The Minister for Finance and Public Expenditure and Reform, Paschal Donohoe TD, has today (Wednesday) published the Mid-Year Expenditure Report for 2019. The Report, along with the National Economic Dialogue and the Summer Economic Statement (SES), is an integral part of the reformed Budgetary process.
The MYER sets out the opening pre-Budget position for 2020, consistent with the budgetary parameters in both the Stability Programme Update , published in April this year, and also the SES. The SES outlined two scenarios for Budget 2020: Scenario A, an orderly Brexit at the end of 2020, and Scenario B, a disorderly Brexit at the end of October this year. The government will decide in September which is the more likely scenario.
The overall fiscal parameters outlined in the SES in respect of Scenario A, and the related expenditure amounts set out in the MYER, also form the starting point for Scenario B. However, as outlined in the MYER, there would be requirements for additional expenditure in the event of a disorderly Brexit, as the automatic stabilisers take effect with additional income supports, and temporary targeted support for the sectors most affected.
The government’s budgetary strategy is focused on ensuring that steady increases in public expenditure that are affordable both today and into the future. As outlined in the MYER, this strategy requires that the expenditure policy framework ensures consistent evaluation of the effectiveness of existing expenditure alongside sustainable levels of expenditure growth.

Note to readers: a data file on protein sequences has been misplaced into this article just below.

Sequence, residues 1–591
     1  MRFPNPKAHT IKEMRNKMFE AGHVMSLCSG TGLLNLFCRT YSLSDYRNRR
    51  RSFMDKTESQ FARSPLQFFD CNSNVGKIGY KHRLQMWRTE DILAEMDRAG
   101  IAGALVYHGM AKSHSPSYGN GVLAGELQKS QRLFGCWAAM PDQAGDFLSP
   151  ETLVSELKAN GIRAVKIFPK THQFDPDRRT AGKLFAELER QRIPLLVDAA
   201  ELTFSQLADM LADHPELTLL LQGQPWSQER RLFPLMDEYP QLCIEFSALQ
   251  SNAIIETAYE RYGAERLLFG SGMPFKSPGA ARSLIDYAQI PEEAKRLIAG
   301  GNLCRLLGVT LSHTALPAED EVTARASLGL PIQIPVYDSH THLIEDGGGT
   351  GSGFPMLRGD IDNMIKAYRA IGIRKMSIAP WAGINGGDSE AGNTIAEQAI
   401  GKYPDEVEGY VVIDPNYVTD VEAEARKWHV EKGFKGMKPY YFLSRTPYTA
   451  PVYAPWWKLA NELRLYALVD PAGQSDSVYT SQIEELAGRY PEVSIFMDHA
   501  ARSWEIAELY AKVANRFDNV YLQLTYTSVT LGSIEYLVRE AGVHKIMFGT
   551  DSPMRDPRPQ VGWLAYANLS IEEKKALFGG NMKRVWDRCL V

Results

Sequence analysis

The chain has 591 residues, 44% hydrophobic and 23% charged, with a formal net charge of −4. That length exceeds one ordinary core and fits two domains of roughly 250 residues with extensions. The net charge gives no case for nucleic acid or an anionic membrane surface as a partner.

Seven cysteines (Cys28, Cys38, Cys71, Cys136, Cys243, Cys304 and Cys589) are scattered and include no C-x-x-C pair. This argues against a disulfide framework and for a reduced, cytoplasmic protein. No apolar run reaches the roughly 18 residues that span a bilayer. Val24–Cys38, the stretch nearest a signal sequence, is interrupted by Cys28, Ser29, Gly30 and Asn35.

The Spending Review is a key element of the budgetary framework that can assist in how Government spending is allocated and maintained. The Spending Review 2019 represents the third cycle in this series of rolling, selective reviews. It is expected that over €40 billion of Government spending will have been reviewed over the three years of the process. These reviews assist in shifting the emphasis away from the incremental increases in expenditure each year, by examining baseline Government expenditure as a whole.
This is the third and final year in the current round of Spending Reviews. Having published 50 papers over the last two years, further papers covering a broad range of policy areas are to be published in the coming weeks. Additional spending review analyses will also be published alongside the Budget in October.
As the current process is in the final year, Professor John O’ Hagan, Adjunct Professor of Economics, TCD, is undertaking an independent review of the process. This review will assess how the Spending Review process has achieved its key objectives and, where appropriate, will provide recommendations and actions on how the process can be improved in future.
Minister Donohoe said: